Lab Home | Phone | Search
Center for Nonlinear Studies  Center for Nonlinear Studies
 Colloquia Archive 
 Postdoc Seminars Archive 
 Quantum Lunch 
 CMS Colloquia 
 Q-Mat Seminars 
 Q-Mat Seminars Archive 
 Kac Lectures 
 Dist. Quant. Lecture 
 Ulam Scholar 
 Summer Research 
 Student Application 
 Past Visitors 
 PD Travel Request 
 History of CNLS 
 Maps, Directions 
 CNLS Office 
Thursday, October 15, 2015
1:00 PM - 2:00 PM
CNLS Conference Room (TA-3, Bldg 1690)

Postdoc Seminar

Characterizing dynamical effects of combinatorial complexity using rule-based modeling

Ryan Suderman
Center for Computational Biology and the University of Kansas

The existence of combinatorial complexity in signaling networks has led to the hypothesis that "ensembles" of heterogenous signaling species could be capable of reliable signal transduction, as an alternative to the formation of well-ordered signaling “machines”. We implemented a rule-based model of the yeast pheromone signaling network, which exhibits considerable combinatorial complexity, in order to both determine if ensemble-like signaling is a viable means of intracellular information transfer and to characterize potential features of ensemble-specific signaling dynamics. We found that these models reproduced the experimentally observed dose-response curves as well as the dynamics of downstream MAPK activation, implying that ensemble signaling is capable of reliable signal transduction. We then focused on the role of the scaffold protein, Ste5, in this network, since scaffolds are of interest for understanding regulatory behavior in signaling and because it is a major source of the combinatorial complexity in this network. With a series of models loosely based on the pheromone network, we systematically characterized the effect of scaffold proteins on the dynamics of both ensemble- and machine-like signaling systems. We found that the molecular context for scaffold-substrate binding can have a profound impact on phenotypically relevant features (e.g. speed of signal transduction, robustness to noise), including inter-pathway crosstalk. More generally, these results show that network complexity must be taken into account in order to fully understand how cells utilize signaling networks to respond appropriately to changes in their environment.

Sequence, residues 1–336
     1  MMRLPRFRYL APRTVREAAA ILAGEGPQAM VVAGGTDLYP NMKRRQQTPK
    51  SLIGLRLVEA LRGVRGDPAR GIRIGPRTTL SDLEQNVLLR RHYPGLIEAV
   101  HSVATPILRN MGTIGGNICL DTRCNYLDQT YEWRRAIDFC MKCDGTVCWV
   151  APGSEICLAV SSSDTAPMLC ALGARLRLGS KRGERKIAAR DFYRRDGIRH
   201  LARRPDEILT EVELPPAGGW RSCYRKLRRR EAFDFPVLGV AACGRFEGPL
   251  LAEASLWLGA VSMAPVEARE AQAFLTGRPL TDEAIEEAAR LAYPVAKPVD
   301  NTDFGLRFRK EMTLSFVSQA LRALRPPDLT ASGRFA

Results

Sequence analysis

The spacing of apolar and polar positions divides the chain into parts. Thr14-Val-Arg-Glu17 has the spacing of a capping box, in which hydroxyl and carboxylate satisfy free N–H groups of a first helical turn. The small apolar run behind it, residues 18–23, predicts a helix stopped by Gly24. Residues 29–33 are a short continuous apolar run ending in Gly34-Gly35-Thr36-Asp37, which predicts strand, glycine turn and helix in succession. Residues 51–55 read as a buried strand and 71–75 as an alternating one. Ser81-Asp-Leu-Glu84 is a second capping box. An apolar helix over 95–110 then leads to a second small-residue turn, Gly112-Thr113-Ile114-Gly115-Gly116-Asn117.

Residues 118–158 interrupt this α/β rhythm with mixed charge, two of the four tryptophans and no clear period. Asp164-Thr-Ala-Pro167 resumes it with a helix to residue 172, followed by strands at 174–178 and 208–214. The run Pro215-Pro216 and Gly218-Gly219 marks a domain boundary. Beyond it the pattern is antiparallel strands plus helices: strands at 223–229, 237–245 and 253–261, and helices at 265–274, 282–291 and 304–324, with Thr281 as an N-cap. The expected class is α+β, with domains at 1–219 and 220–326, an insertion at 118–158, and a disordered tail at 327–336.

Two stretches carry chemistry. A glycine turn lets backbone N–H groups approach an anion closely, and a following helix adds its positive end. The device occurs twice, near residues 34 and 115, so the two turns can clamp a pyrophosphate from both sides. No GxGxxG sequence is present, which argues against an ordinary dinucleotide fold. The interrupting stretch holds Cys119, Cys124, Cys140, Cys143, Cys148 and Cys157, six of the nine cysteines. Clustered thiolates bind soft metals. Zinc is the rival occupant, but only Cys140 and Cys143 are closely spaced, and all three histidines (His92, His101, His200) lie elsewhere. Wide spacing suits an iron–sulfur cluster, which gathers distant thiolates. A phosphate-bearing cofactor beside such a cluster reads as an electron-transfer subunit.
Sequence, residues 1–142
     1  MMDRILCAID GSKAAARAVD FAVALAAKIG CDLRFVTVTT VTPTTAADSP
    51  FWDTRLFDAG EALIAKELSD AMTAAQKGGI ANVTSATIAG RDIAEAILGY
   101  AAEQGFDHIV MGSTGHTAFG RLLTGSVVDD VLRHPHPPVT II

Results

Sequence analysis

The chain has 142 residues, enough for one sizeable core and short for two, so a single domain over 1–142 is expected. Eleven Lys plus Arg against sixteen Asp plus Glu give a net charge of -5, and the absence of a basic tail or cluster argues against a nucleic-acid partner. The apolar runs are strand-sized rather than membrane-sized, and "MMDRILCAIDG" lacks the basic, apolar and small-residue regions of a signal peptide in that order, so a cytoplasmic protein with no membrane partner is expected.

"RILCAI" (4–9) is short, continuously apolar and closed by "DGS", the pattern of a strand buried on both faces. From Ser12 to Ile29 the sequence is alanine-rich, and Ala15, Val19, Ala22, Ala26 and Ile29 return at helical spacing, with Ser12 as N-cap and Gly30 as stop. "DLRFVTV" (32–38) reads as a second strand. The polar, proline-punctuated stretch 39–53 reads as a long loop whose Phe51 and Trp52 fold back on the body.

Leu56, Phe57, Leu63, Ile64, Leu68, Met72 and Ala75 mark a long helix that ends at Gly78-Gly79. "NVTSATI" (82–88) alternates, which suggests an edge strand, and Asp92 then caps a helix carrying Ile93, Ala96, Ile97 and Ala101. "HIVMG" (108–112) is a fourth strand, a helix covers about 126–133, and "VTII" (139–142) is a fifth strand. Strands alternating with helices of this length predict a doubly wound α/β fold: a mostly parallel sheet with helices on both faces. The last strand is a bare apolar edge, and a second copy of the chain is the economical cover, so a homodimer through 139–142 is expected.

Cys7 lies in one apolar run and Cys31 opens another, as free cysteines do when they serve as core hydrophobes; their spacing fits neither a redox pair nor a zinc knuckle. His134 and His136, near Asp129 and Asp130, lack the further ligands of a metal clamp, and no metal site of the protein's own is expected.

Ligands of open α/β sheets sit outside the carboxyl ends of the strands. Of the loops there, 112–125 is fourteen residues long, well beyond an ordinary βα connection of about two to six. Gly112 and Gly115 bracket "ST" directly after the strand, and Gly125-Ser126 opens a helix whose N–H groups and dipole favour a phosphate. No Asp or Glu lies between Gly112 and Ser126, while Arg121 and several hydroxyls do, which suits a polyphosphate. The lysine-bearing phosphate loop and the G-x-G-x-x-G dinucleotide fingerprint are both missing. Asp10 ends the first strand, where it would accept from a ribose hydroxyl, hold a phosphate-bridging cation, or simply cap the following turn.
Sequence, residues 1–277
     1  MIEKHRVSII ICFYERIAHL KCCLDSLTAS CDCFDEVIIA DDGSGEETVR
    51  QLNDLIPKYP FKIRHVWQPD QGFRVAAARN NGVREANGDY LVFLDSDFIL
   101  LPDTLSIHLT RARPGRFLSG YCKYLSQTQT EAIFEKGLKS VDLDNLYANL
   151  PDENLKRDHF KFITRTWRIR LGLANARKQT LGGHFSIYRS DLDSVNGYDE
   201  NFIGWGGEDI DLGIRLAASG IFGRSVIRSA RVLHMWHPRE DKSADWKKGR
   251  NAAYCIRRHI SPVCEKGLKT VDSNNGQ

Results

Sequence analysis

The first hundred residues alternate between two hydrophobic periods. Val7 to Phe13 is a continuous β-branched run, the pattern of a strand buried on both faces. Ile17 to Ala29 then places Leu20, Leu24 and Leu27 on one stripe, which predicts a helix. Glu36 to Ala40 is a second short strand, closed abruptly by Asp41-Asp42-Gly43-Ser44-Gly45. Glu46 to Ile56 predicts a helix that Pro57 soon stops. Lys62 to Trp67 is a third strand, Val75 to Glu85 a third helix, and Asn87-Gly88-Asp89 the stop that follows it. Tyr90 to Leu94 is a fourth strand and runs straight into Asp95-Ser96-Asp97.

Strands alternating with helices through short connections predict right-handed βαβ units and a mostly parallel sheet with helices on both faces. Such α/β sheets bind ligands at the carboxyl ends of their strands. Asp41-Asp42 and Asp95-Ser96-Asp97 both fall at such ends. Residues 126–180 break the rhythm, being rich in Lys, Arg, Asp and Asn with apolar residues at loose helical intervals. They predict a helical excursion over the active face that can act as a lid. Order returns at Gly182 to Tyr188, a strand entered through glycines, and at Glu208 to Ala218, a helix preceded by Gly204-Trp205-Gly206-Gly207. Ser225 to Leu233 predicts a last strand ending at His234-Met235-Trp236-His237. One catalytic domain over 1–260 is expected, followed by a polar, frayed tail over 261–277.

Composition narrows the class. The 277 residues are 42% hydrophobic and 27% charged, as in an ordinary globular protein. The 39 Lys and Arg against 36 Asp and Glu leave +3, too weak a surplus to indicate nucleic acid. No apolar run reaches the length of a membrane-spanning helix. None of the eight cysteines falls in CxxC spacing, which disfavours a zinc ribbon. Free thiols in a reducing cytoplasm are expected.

Host: Bill Hlavacek